A1 Nevada began receiving organic materials at its facility in May 2006, including green waste, clean, source separated wood and food waste. A1 formed a strategic alliance with Evergreen Recycling, one of the largest recyclers and haulers in Las Vegas. Evergreen is hauling a significant amount of source separated wood waste to A1’s Las Vegas facility from the $8 billion MGM Mirage CityCenter project on the Las Vegas Strip. The CityCenter project will include 2,700 private residences, a luxury hotel, a 4,000-room resort casino and a 470,000-square-foot retail and entertainment area. It is the largest construction project to date seeking LEED (Leadership in Energy and Environmental Design) certification. Evergreen has contracted to recover all recyclable materials from the CityCenter project as part of the LEED certification process.
“Evergreen was one of the first companies that we pitched to,” notes Wilson. “It is involved with many LEED building projects.” Evergreen takes debris from the construction projects back to its new 50,000 square foot automated MRF (Material Recycling Facility), sorts out wood from the stream and brings the clean wood to A1.
Other local haulers are bringing food waste from one or two casinos to A1’s facility on a pilot basis so that A1 can refine processes and logistics and determine volumetric flows associated with the casino operations (separate from the food waste being recycled by RC Farms, a local swine feeding operation). A1 also has been working with local haulers to collect and bring food waste from manufacturers, retail grocery outlets such as Whole Foods Markets, and possibly other sources such as institutional cafeterias. It contracts directly with the generator when possible and assists in acting as a the liaison between the hauler and the generator to facilitate the collection process.
“We are receiving some very clean streams, while some need to keep being improved on,” says Yost. “The challenge is separation of contaminants at the source and collection.” He notes the casinos, which feed thousands of people each day, are the greatest opportunity for food waste but also the greatest challenge. “They have so much cash flow from their core business that they often don’t want to take the time to focus on recycling their solid waste. However, that culture is changing and we are seeing more and more interest in recycling, even if there is an additional cost involved.”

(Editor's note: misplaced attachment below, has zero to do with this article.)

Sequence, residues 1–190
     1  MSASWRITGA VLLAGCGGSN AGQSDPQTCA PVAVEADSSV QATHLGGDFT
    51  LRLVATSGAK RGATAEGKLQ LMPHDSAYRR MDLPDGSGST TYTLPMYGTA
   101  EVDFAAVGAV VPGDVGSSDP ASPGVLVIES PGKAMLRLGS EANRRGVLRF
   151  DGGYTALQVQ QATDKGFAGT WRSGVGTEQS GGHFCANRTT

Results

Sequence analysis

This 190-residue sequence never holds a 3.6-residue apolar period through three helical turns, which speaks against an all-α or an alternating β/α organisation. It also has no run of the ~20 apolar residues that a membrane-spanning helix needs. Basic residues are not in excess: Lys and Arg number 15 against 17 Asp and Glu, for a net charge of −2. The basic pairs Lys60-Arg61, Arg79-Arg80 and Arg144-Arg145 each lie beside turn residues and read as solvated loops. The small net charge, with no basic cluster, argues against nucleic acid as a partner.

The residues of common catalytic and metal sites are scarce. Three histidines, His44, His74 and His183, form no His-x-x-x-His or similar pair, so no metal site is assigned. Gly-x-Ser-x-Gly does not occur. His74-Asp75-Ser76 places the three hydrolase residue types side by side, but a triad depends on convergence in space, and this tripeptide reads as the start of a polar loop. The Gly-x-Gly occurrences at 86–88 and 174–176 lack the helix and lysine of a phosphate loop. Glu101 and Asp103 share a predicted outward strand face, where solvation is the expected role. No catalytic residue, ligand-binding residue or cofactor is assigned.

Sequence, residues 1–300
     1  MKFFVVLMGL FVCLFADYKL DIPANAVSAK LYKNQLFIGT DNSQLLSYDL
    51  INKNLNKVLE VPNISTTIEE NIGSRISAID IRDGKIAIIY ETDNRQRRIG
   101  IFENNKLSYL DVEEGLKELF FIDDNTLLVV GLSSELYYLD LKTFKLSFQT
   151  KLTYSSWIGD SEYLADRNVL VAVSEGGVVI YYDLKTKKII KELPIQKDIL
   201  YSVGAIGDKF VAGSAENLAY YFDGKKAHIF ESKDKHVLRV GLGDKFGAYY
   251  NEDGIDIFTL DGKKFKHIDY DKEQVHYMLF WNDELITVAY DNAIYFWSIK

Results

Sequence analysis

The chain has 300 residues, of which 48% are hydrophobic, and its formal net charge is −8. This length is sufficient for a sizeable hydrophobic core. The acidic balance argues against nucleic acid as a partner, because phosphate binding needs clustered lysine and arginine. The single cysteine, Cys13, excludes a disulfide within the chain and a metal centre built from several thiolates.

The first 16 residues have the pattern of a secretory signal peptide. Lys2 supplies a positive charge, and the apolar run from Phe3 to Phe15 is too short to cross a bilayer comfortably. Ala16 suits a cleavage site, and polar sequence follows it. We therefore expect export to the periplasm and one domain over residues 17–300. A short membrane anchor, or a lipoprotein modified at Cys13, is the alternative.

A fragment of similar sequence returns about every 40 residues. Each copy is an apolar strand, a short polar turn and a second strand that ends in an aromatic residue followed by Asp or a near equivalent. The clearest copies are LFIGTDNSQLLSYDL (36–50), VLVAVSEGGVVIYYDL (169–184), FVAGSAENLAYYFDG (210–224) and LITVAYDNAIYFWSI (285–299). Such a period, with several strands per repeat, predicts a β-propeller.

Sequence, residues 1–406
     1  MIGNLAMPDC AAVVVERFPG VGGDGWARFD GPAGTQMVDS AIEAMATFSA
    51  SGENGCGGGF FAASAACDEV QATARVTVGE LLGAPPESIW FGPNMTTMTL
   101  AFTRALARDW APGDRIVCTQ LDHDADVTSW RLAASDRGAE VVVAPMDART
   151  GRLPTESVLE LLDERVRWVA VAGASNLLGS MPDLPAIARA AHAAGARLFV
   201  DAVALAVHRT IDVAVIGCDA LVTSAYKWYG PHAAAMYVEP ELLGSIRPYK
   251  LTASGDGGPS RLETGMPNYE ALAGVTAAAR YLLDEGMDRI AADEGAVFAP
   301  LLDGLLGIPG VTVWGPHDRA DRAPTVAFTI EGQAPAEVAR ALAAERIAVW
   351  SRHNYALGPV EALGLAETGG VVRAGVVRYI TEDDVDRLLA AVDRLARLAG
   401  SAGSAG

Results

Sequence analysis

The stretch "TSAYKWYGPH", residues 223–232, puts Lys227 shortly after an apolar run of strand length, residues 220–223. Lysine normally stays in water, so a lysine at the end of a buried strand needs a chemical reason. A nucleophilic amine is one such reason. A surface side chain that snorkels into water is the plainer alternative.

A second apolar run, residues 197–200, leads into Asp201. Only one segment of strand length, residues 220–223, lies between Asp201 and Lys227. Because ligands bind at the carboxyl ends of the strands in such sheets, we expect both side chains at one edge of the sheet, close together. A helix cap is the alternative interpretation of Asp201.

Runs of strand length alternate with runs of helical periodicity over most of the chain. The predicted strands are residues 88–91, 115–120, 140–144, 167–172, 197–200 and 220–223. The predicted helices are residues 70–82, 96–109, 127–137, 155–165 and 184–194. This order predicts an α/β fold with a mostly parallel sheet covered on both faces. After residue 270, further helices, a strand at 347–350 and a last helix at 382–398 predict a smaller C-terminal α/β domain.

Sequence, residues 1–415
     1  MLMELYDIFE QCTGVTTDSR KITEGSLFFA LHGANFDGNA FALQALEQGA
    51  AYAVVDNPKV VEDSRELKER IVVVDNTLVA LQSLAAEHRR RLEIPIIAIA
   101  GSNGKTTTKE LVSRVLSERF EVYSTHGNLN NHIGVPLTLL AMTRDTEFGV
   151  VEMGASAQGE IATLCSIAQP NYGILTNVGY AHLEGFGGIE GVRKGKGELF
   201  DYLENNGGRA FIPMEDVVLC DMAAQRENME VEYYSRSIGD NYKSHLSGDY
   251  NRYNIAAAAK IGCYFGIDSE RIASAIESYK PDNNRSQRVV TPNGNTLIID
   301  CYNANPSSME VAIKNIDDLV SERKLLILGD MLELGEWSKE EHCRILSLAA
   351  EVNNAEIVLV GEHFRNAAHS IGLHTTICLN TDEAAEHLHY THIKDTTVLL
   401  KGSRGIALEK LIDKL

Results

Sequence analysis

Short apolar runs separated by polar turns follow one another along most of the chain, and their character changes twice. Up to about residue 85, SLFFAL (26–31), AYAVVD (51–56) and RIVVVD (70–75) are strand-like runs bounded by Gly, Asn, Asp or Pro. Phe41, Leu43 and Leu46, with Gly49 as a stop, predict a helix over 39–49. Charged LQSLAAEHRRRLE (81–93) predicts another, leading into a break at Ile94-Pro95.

Wilson adds that many businesses in Las Vegas had never separated much of their organics stream from their waste stream. “What we are doing has never been attempted for the volumes we are targeting in Las Vegas, except with construction debris for the most part,” he notes. “Everything else had gone to the landfill.”
In general, says Wilson, A1’s tip fee is competitive with, but often slightly lower than, the landfill’s. “We have to give generators the incentive for separating materials. Besides the tipping fee, we also work with reducing haul distances and costs, and other intangibles that save time and cost, all of which combine to provide additional incentive to the generator.” A1 charges a surcharge if the food waste is contaminated and has to be sorted or is too contaminated and has to be taken to the landfill.
The Nevada site currently receives 10,000 cubic yards of organic materials each month. “We are somewhat limited by the footprint of our facility, which is only six acres,” he notes. Most of the feedstocks come from the Las Vegas Valley, and the bulk of it is green waste and wood waste.
Less putrescible materials are composted in aerated static piles. “Due to the limitations of the size of the site, we don’t have room for long windrows,” says Yost. Food wastes and other organic materials that could create odors or leachate are composted utilizing the Poly-Flex Composting System. Each bag is 8 feet in diameter, 500 feet long and can hold 500 tons.
A1 also uses a modified static aerated pile (MSAP) system for its Las Vegas facility. “It is a system that we developed in Colorado and use on our sites there,” adds Yost. “It is a hybrid – an aerated windrow and aerated static pile process that can save space, control odors, minimize need to mechanically turn the piles and still meet all regulatory compliance requirements.”